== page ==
3 minute read

Recently, I’ve talked about state machines and routing slips. In this post, I am going to show how to combine these approaches.

Title image

This post came out of a real-life scenario. Imagine that you have a list of items, and you can somehow process each of them. For example, a list of pull requests on GitHub, every one of them you can automatically review. Another key feature is that each operation can take a long time. So, you don’t want to perform them synchronously.

As in the previous posts, let’s start with a simple web application and add MassTransit packages.

$ dotnet new web
$ dotnet add package MassTransit.AspNetCore
$ dotnet add package MassTransit.RabbitMQ

Next, I need some mechanism to process each element separately, one by one. I don’t know how many items will be in a request, so I have to add them dynamically. I think that the routing slip will be appropriate for our case.

I don’t go much into details about implementing routing slip (and saga) in MassTransit because I have separate posts about them. And the library has perfect documentation.

I’ve created a simple activity that logs some information and pauses for a random amount of time. After the delay, it publishes a message about completed item processing.

public record ProcessItemArgument(Guid ItemId);
public record ItemProcessed(Guid Id, Guid TrackingNumber);

public class ProcessItemActivity : IExecuteActivity<ProcessItemArgument>
{
    private readonly RandomService _randomService;
    private readonly ILogger<ProcessItemActivity> _logger;

    public ProcessItemActivity(RandomService randomService, ILogger<ProcessItemActivity> logger)
    {
        _randomService = randomService;
        _logger = logger;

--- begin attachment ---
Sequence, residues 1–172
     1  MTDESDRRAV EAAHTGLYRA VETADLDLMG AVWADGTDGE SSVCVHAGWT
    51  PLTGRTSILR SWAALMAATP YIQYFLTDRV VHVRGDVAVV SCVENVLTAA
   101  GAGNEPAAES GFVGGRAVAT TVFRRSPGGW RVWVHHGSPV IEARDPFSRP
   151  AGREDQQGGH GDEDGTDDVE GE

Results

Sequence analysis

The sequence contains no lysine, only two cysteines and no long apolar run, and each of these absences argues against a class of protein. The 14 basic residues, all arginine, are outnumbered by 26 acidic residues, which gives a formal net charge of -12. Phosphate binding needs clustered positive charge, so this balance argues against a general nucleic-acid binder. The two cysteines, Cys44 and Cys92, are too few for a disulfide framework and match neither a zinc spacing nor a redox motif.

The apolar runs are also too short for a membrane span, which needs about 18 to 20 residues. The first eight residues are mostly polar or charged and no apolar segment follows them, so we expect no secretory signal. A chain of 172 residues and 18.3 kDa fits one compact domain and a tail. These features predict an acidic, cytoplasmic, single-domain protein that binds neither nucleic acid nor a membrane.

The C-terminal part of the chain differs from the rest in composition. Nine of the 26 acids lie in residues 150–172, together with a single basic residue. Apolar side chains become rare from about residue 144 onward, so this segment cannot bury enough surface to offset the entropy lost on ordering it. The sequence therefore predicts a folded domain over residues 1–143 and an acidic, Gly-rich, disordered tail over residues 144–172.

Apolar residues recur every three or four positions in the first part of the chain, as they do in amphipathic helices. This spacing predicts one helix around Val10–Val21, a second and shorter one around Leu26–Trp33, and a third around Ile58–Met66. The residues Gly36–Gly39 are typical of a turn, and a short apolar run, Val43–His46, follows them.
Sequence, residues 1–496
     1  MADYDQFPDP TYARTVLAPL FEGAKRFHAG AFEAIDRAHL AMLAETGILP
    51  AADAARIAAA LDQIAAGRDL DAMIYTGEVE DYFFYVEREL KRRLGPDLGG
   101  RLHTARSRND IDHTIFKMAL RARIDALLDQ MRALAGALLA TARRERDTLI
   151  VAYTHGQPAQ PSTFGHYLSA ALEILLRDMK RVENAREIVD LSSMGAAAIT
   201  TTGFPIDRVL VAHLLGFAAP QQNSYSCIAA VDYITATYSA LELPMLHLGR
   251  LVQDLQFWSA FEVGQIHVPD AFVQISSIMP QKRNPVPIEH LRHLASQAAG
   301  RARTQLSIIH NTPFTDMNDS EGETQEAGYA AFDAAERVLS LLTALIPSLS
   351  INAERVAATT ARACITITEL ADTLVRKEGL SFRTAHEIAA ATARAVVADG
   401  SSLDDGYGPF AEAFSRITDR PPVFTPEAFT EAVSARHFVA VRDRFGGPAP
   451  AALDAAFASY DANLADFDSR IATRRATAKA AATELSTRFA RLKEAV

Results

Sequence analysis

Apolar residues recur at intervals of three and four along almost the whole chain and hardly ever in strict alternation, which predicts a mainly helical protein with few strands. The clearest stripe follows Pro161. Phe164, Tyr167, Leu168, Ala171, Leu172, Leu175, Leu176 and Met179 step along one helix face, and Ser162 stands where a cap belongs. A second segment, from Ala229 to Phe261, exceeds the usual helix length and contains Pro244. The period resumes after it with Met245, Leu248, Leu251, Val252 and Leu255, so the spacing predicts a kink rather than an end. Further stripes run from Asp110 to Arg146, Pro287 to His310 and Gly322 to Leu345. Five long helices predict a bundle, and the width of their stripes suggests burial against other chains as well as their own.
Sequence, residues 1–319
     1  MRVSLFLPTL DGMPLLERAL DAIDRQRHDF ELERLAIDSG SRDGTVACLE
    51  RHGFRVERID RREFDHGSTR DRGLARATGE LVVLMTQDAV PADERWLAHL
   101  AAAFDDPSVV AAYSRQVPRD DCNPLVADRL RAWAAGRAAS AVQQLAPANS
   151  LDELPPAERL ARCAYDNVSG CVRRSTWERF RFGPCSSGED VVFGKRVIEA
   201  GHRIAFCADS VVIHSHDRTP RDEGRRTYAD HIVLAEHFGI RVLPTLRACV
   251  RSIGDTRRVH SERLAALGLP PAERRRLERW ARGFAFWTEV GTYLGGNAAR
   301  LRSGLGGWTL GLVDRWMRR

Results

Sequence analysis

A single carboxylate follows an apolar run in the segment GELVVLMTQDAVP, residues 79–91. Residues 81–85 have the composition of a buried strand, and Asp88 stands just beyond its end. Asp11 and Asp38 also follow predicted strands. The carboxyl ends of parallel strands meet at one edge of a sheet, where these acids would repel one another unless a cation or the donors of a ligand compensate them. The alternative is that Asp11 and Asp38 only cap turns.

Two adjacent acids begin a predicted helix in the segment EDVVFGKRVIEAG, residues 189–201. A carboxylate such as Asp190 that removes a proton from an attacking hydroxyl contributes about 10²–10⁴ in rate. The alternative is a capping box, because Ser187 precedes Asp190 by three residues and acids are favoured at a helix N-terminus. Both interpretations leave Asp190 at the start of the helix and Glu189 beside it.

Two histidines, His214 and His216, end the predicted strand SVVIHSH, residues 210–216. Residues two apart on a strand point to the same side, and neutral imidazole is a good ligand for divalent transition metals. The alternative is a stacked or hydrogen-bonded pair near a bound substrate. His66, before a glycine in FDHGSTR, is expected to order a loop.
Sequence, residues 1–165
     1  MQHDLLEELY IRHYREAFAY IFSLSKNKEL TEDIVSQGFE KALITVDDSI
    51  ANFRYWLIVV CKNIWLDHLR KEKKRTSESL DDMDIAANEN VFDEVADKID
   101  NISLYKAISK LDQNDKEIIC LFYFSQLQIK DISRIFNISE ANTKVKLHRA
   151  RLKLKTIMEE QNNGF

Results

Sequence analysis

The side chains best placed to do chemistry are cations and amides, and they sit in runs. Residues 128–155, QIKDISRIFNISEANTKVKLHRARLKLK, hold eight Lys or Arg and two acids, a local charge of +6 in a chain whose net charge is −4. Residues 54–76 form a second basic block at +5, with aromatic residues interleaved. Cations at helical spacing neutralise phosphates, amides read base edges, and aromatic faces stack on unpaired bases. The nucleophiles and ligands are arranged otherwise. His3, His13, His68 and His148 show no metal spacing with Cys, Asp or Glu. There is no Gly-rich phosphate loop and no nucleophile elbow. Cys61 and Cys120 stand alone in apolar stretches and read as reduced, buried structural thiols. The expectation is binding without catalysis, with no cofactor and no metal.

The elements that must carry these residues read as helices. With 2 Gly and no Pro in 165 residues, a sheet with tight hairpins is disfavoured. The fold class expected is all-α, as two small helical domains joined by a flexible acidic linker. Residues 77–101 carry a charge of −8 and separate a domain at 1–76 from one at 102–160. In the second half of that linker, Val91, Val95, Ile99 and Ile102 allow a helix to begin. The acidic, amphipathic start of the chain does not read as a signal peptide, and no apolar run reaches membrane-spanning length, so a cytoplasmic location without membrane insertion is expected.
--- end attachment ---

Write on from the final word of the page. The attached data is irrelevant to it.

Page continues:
}

    public async Task<ExecutionResult> Execute(ExecuteContext<ProcessItemArgument> context)
    {
        _logger.LogInformation("Processing item with id={ItemId}", context.Arguments.ItemId);

        var delay = _randomService.GetDelay();
        await Task.Delay(TimeSpan.FromSeconds(delay));

        await context.Publish(new ItemProcessed(context.Arguments.ItemId, context.TrackingNumber));
        
        return context.Completed();
    }
}

The next step is to build the routing slip with these activities. I will use a state machine to save the status of the process and check it via http request. When a command to process items arrives, we need to create the routing slip, go to the Processing state and respond that we accepted the request. Also, we save into the state all ids that we need to process.

Initially(
    When(ProcessRequestCommand)
        .Then(context =>
        {
            logger.LogInformation("Start processing request with id={RequestId}", context.Data.RequestId);
            context.Instance.RequestId = context.Data.RequestId;
            context.Instance.ToProcess.AddRange(context.Data.ItemsIds);
        })
        .CreateRoutingSlip()
        .TransitionTo(Processing)
        .Respond(context => new RequestAccepted(context.Instance.RequestId)));
public static EventActivityBinder<RequestProcessingState, ProcessRequestCommand> CreateRoutingSlip(
    this EventActivityBinder<RequestProcessingState, ProcessRequestCommand> binder)
{
    return binder.ThenAsync(async context =>
    {
        var trackingNumber = Guid.NewGuid();
        context.Instance.TrackingNumber = trackingNumber;
        var builder = new RoutingSlipBuilder(trackingNumber);
        var consumeContext = context.CreateConsumeContext();

        foreach (var item in context.Data.ItemsIds)
        {
            builder.AddActivity("ProcessItem", new Uri("queue:ProcessItem_execute"), new ProcessItemArgument(item));
        }

        var routingSlip = builder.Build();
        await consumeContext.Execute(routingSlip);
    });
}

After an item has been processed, we need to update the state.